The office of Foreign Affairs Minister Mélanie Joly knew a senior department official would be attending a party at the Russian embassy in Ottawa last Friday and was pressed to apologize by the Prime Minister’s Office.
Two senior government sources said Ms. Joly’s office was informed before the party that Yasemin Heinbecker, Global Affairs’ deputy chief of protocol, would be attending the event to celebrate Russia Day. But a spokesperson for the minister said Ms. Joly herself did not know and only learned after The Globe’s story came out.
The federal government has been under fire over having a representative at the Russian embassy since Ottawa has repeatedly talked of the need to politically and diplomatically isolate Moscow after its military assault on Ukraine began in February.
The Globe is not identifying the two sources as they were not authorized to publicly discuss the matter.
One of the sources said it was only after the intervention of top officials at the Privy Council and Prime Minister’s Office that Ms. Joly and Global Affairs were told to issue an apology and to not attend another Russian event as long as the war in Ukraine continues.
Prime Minister Justin Trudeau and his top team of political and bureaucratic advisers were in Los Angeles for the Summit of the Americas and were caught off guard by Global Affairs’ decision to send an official the Russian embassy event, the source said.
National Security and Intelligence Adviser Jody Thomas, Foreign and Defence Policy Adviser Dan Costello and senior PMO adviser Patrick Travers were all drawn into the matter Sunday after condemnation from the Ukrainian Canadian Congress and the main opposition parties.
Global Affairs in a statement on Friday had defended sending Ms. Heinbecker to attend the event hosted by Russian Ambassador Oleg Stepanov.
Hours later after The Globe first published the story on Sunday, Ms. Joly’s department issued an apology for sending a representative to the party in celebration of a country that has been accused of war crimes in Ukraine.
Later Sunday evening, Ms. Joly said on Twitter that the department should not have sent someone to the event and that “no Canadian representative will attend this kind of event again.”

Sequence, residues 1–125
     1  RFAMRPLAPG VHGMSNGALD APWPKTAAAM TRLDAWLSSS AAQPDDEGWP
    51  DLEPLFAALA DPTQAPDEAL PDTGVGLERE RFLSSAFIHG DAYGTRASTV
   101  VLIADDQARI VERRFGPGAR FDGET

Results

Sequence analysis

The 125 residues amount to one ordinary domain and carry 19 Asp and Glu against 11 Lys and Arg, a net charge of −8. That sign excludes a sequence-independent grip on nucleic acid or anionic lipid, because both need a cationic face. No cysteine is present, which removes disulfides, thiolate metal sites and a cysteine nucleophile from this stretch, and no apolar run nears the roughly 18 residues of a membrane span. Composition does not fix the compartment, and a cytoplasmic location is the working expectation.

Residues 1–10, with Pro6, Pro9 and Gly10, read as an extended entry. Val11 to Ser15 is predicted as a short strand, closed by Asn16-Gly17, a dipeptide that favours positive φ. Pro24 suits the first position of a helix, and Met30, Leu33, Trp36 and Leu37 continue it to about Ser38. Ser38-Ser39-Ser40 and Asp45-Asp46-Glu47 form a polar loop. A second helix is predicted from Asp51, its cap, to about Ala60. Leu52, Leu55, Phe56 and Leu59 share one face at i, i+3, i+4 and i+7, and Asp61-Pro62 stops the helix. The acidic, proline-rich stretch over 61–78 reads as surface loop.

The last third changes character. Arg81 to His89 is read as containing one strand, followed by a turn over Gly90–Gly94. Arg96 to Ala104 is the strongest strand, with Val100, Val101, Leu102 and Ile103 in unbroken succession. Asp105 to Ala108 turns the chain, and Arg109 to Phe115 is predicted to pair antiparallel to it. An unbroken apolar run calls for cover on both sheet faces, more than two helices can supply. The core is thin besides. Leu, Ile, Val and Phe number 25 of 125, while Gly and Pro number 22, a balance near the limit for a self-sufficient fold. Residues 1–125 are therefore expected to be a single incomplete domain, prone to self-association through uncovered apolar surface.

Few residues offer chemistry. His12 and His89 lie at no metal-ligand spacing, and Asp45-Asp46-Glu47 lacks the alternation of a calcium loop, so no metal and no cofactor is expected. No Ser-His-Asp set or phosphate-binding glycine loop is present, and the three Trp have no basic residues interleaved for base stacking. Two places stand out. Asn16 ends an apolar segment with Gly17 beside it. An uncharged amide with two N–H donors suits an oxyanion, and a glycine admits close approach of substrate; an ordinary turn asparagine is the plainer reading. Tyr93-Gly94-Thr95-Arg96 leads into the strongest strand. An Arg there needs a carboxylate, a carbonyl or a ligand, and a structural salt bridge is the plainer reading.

Ms. Joly’s office said the minister herself did not know about Canada’s participation in the Russian embassy party. “I can guarantee you she did not know, and did not sign off,” Maéva Proteau, director of communications for Ms. Joly, said Monday.
Retired Canadian diplomat Dennis Horak said during his time in government, Canadian missions abroad would be given a list of foreign national day events they should not be attending. He said this was normally developed in consultation with the foreign minister’s office.
He said, ultimately, Ms. Joly as minister is responsible for the actions of her ministry and what happened “shouldn’t be fobbed off on Global Affairs.”
During Question Period on Monday, Ms. Joly accepted responsibility for the mishap in response to a question from NDP foreign affairs critic Heather McPherson.
“I am as mad as she is, because this should never have happened, and of course, this will not happen again,” she said, referring to Ms. McPherson. “Of course, I am the minister and the buck stops here, but what I can tell members is .... we need to make sure to send a strong message to Vladimir Putin’s regime. We need to suffocate it diplomatically, economically and politically,” she said.
Ms. McPherson said Ms. Joly should have warned off her department’s officials from attending parties at the Russian embassy. “Instead of apologizing after the fact, why did the minister not tell her staff to not attend events at the Russian embassy?” the NDP MP asked.
Conservative foreign affairs critic Michael Chong said this incident reveals a gap between what the Liberal government says and does.
“Russia has attacked a European democracy and has killed thousands of Ukrainians in the last few months,” Mr. Chong said. “The minister clearly failed in her responsibility to ensure that departmental officials did not go to national day celebrations at embassies that are working in direction opposition to Canada’s interests.
“The government says it stands shoulder-to-shoulder with Ukraine but fails to act like it.”
The Russian embassy in Ottawa said in a statement Monday that its Russia Day reception attracted ambassadors and diplomatic corps representatives from around the world including the Commonwealth of Independent States, Europe, Africa, South and East Asia, the Middle East, Latin America, as well as Russian compatriots and what it called representatives of civil society in Canada.
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